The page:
(A) Epigenetic code dynamics
In 2019 we have shown in ME/CFS patients changes in the dynamics of the epigenetic code - a DNA code that responds to environmental /nutritional and disease influences – this is a genomic regulatory system linked to changes in gene expression around the on/off switches of genes. This could explain the hypometabolic state in the 2016 Stanford University study of plasma metabolites, and our own studies of the expression profiles of the genes that suggested ME/CFS patients are in a ‘state of hibernation’. This has enabled us to deduce which individual genes are affected, and how that translates into lower efficiency of biochemical pathways that might be sustaining ME/CFS. Now in 2020/2021 we are examining epigenetic changes through ‘relapse recovery cycles’, and seeking to see whether it can explain the core symptom of ME/CFS, ‘post exertional malaise’
At the end of 2018 we published an hypothesis for how ME/CFS might be being sustained as an ongoing illness involving the hypothalamus and the stress centre within it. This has been featured recently by Health Uprising. 2019 brought new ideas relevant to this hypothesis and in 2020/2021 we are trying to connect these and test an hypothesis for ME/CFS that a stress hormone produced in the stress centre of the hypothalamus, and a defective receptor for it, causes excessive production of serotonin. In 2020/2021 we are analysing DNA samples from our ME/CFS patients for evidence of mutations in a gene responsible for degrading tryptophan –the precursor to serotonin - and whether ME/CFS patients have excessive serotonin levels.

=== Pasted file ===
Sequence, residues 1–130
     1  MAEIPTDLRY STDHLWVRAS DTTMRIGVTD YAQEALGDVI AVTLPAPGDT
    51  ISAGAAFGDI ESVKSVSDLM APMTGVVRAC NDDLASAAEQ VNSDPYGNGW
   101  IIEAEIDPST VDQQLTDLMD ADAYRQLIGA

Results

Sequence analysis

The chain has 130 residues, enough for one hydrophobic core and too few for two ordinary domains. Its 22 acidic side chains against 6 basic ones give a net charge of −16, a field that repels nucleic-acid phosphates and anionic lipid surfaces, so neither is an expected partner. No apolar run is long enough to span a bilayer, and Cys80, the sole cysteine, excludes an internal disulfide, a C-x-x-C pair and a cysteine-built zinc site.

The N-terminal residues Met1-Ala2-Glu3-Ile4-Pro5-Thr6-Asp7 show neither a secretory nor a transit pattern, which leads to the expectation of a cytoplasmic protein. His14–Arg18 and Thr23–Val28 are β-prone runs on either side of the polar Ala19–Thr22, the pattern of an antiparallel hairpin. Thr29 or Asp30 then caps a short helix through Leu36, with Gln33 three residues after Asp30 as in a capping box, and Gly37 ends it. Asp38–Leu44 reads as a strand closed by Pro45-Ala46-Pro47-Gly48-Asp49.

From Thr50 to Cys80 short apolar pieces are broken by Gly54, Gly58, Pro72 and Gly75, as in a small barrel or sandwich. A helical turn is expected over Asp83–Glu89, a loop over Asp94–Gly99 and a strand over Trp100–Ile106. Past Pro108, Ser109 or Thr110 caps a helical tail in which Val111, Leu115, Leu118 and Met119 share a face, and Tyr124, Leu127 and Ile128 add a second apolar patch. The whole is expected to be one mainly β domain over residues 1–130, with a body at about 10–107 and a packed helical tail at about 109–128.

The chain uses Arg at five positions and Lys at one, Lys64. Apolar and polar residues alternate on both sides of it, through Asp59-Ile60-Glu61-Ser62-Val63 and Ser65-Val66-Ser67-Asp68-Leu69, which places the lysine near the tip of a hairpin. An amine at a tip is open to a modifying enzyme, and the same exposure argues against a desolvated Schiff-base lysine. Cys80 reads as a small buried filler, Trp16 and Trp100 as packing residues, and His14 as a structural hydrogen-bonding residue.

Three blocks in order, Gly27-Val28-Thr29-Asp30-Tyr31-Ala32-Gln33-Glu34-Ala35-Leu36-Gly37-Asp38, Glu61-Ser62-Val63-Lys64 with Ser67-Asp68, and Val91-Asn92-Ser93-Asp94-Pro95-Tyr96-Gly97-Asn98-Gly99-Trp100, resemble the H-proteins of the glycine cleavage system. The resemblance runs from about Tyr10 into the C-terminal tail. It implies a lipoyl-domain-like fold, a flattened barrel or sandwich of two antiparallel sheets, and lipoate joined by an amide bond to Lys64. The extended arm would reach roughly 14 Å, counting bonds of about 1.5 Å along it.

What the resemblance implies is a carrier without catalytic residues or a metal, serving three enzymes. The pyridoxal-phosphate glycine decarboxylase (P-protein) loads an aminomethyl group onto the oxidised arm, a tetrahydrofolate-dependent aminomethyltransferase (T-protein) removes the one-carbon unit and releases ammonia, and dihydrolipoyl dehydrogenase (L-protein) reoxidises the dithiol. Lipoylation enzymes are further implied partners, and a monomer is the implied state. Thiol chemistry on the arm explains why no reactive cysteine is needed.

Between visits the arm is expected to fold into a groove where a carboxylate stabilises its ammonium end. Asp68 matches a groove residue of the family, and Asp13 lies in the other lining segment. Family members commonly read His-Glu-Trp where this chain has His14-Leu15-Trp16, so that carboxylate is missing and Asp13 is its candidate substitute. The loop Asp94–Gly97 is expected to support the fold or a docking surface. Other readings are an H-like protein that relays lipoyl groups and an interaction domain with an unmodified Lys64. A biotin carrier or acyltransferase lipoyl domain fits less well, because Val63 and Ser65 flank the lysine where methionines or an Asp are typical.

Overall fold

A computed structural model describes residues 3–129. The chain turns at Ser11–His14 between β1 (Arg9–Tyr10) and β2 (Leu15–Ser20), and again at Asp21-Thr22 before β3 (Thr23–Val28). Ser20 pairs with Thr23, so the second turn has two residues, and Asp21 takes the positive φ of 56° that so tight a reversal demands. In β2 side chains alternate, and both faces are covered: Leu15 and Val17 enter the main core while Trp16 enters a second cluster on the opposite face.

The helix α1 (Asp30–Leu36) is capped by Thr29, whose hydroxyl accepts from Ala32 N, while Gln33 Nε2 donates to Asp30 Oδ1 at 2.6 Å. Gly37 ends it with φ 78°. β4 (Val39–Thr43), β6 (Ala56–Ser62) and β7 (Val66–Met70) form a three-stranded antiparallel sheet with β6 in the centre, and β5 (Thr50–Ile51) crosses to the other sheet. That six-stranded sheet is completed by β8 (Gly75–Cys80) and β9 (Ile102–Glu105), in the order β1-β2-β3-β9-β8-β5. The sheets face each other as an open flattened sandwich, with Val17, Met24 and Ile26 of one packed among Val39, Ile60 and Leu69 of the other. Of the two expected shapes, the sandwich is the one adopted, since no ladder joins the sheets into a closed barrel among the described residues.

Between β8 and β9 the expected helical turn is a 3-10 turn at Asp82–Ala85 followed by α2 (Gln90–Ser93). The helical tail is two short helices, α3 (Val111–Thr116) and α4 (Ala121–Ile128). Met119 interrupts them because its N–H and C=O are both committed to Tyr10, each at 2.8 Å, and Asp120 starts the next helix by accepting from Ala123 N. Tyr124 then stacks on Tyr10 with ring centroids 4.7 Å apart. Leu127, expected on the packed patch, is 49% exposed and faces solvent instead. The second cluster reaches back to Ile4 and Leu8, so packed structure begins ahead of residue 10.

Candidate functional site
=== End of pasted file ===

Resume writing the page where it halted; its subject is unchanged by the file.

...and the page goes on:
(C) Energy production
In 2019 we determined by mass spectrometry that there were major changes in many protein components of the energy producing complexes and regulators of damaging reactive oxygen species in the energy powerhouses of the cell - the mitochondria. We can deduce that the mitochondria are trying harder to produce energy because we think the key last step is somewhat defective. This work has suggested that oxidative stress is significant in ME/CFS and has given us direction for a new study in 2021 on its extent in ME/CFS and whether it can be alleviated by the powerful antioxidants, CoQ10 and MitoQ.
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